33: Indonesia > Sumatra Barat > Hamka’s Maninjau

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Early morning, Sunday 8th July 2007.

See, I told you our rooms were virtually above the water, and what a beautiful sight Lake Maninjau is.

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Looking west, the early morning sun rays illuminate the high clouds.
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The fish get their breakfast. Incidentally this man falls into the water soon after this photo is snapped, but no problem, he saves himself. Unfortunately I am in the toilet, so no pic of the drenched man.

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As the run rises, the mist lifts and I can clearly see the northern rim of the crater.
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Curious, I go to the retaining wall, and dip my foot into the water. It is invitingly warm, but this water could be menacingly deep. I hear a story of a car full of people which accidentally fell into another volcanic lake, and nothing was ever found. Maybe they slid all the way down to the murky bottom, 100m+ deep.
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I notice pink snail eggs [thanks to Jan Stuivenberg for pointing this out] growing on the wall, close to the waterline. Cute.

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We have breakfast on a veranda above the water. Just simple fried rice and coffee, but the view is worth everything.

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Aina admires the calm lake. It was choppy when we arrived last night.

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Full-scale fish-farming is a major income for people living around Lake Maninjau. Lorries come from Bukittinggi to fetch the fish, transported out live in oxygenated plastic bags, for export elsewhere.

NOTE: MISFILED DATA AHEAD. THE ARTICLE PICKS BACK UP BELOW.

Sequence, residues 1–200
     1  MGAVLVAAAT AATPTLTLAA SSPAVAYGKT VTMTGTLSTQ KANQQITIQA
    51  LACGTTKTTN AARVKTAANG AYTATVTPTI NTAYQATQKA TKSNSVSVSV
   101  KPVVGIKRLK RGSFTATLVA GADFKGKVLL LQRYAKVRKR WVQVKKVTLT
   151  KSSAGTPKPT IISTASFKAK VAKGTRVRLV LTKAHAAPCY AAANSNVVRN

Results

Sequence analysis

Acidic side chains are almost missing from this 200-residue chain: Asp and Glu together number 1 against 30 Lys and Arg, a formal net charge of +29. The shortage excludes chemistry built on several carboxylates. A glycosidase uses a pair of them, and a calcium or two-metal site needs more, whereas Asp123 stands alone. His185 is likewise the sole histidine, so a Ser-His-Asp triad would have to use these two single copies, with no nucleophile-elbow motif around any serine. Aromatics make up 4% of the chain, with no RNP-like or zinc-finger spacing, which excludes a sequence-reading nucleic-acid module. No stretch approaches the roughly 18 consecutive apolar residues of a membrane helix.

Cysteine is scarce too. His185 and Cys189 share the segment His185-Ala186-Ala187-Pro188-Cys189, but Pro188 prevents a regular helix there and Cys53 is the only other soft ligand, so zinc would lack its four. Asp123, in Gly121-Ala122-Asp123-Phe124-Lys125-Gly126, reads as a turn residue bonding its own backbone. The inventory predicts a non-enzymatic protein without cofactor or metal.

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In the hotel reception, a map of Lake Maninjau is displayed: 460 m above sea level, 100 sq km of surface, and max depth of 165 m. Formed by a volcanic eruption 52,000 years ago.

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Zoom-in on the road from Bukittinggi with its 44 bends. This is the only decent way in and out of Maninjau. Our hotel is the orange boxes.

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In the restaurant, a poem from legendary Hamka, an Indonesian icon, also a local boy.
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And Sukarno, Indonesia’s first president, also recommended Maninjau.

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I also spot a familiar face, Dr Mahathir. Looks like photo was taken in his KL office, but how it ended up at Lake Maninjau, I have no clue.

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Nearby a map of Sumatra Barat, showing places we have touched.

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A lady returns to shore with her morning’s work on the lake.

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She has been scooping this little critters off the lake’s surface, since dawn.

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The only road which encircles Lake Maninjau, but most of it is gravel.
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Dogs are freely reared by the Muslim Minang folks. They use it for hunting on weekends, such as today.
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The canine is everywhere, normally minding its own business.

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Maninjau is the birthplace Hamka (1908-1981), a great Indonesian.